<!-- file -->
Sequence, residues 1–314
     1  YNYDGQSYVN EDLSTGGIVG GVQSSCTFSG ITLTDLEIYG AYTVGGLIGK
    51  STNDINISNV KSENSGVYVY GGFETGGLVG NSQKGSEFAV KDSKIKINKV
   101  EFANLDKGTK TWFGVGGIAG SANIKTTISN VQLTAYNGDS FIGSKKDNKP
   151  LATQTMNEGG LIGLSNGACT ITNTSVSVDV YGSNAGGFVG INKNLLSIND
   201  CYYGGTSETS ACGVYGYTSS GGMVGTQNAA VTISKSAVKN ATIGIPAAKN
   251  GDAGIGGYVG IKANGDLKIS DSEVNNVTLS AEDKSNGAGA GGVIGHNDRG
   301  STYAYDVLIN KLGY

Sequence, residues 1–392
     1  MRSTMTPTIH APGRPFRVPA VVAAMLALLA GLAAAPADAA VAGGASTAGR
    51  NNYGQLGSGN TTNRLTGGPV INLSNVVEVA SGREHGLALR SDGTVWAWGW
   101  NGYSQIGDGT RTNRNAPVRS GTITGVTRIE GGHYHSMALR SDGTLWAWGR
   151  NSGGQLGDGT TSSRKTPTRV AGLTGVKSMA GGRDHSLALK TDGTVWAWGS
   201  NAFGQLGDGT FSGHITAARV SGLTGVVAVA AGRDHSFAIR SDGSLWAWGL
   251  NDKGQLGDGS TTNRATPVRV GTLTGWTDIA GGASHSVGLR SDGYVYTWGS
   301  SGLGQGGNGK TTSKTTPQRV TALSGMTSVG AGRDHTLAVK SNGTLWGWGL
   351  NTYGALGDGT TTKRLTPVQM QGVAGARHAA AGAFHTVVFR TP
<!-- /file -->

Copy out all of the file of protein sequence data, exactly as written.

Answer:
Sequence, residues 1–314
     1  YNYDGQSYVN EDLSTGGIVG GVQSSCTFSG ITLTDLEIYG AYTVGGLIGK
    51  STNDINISNV KSENSGVYVY GGFETGGLVG NSQKGSEFAV KDSKIKINKV
   101  EFANLDKGTK TWFGVGGIAG SANIKTTISN VQLTAYNGDS FIGSKKDNKP
   151  LATQTMNEGG LIGLSNGACT ITNTSVSVDV YGSNAGGFVG INKNLLSIND
   201  CYYGGTSETS ACGVYGYTSS GGMVGTQNAA VTISKSAVKN ATIGIPAAKN
   251  GDAGIGGYVG IKANGDLKIS DSEVNNVTLS AEDKSNGAGA GGVIGHNDRG
   301  STYAYDVLIN KLGY

Sequence, residues 1–392
     1  MRSTMTPTIH APGRPFRVPA VVAAMLALLA GLAAAPADAA VAGGASTAGR
    51  NNYGQLGSGN TTNRLTGGPV INLSNVVEVA SGREHGLALR SDGTVWAWGW
   101  NGYSQIGDGT RTNRNAPVRS GTITGVTRIE GGHYHSMALR SDGTLWAWGR
   151  NSGGQLGDGT TSSRKTPTRV AGLTGVKSMA GGRDHSLALK TDGTVWAWGS
   201  NAFGQLGDGT FSGHITAARV SGLTGVVAVA AGRDHSFAIR SDGSLWAWGL
   251  NDKGQLGDGS TTNRATPVRV GTLTGWTDIA GGASHSVGLR SDGYVYTWGS
   301  SGLGQGGNGK TTSKTTPQRV TALSGMTSVG AGRDHTLAVK SNGTLWGWGL
   351  NTYGALGDGT TTKRLTPVQM QGVAGARHAA AGAFHTVVFR TP